Housing value statistics released yesterday showed that for the first time, the value of homes dropped in every one of the U.S. metropolitan districts surveyed. According to the Case Schiller Index (Play with numbers here), home sales prices dropped another 2.2% in April.
The silver lining is that’s the lowest rate of decline since last December. The gray cloud is that’s 17 months of decline out of the last 18, and a 20% decline in that time. The sale prices are now what they were in April 2003.
You can probably guess what the absolute worst housing market in the country is right now (hint: It rhymes with Detroit).
Everything is somehow connected in the economy and what the mortgage crisis started, perhaps the energy — is it too early to call it a crisis? — “thing” puts asunder.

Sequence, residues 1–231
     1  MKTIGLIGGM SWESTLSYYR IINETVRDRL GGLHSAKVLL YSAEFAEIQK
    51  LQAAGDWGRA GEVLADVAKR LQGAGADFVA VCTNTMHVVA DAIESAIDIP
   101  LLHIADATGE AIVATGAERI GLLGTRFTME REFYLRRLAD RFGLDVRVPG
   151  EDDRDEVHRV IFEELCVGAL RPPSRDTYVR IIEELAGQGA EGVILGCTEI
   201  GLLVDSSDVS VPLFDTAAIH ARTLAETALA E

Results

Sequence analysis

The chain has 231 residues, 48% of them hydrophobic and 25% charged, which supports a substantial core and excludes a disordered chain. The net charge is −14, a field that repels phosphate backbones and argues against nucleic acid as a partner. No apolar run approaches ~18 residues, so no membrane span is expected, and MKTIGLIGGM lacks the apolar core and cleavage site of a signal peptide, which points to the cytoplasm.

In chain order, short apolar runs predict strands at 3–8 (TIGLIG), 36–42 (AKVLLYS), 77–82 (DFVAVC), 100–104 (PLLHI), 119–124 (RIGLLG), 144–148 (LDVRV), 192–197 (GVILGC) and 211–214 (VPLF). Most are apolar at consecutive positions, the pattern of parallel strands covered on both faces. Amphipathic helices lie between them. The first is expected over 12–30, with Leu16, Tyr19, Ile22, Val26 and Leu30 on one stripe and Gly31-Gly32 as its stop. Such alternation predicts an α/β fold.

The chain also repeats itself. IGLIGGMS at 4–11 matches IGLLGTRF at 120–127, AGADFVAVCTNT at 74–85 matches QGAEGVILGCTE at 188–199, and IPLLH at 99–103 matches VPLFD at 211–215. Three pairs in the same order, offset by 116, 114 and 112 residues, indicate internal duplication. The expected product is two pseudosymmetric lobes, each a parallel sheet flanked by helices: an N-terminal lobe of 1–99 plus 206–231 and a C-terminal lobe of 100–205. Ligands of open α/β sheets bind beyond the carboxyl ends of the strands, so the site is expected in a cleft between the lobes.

The New York Times today has an interesting story about life on the distant suburbs.
Across the nation, the realization is taking hold that rising energy prices are less a momentary blip than a change with lasting consequences. The shift to costlier fuel is threatening to slow the decades-old migration away from cities, while exacerbating the housing downturn by diminishing the appeal of larger homes set far from urban jobs.
In Atlanta, Philadelphia, San Francisco and Minneapolis, homes beyond the urban core have been falling in value faster than those within, according to an analysis by Moody’s Economy.com.
This is the part where my city slicker friends begin snickering. The average gasoline bill on the outer fringes of metropolitan areas is close to $4,000.
Is this the end of urban sprawl? What if it is? How would it affect city (or at least closer-in) metro area living?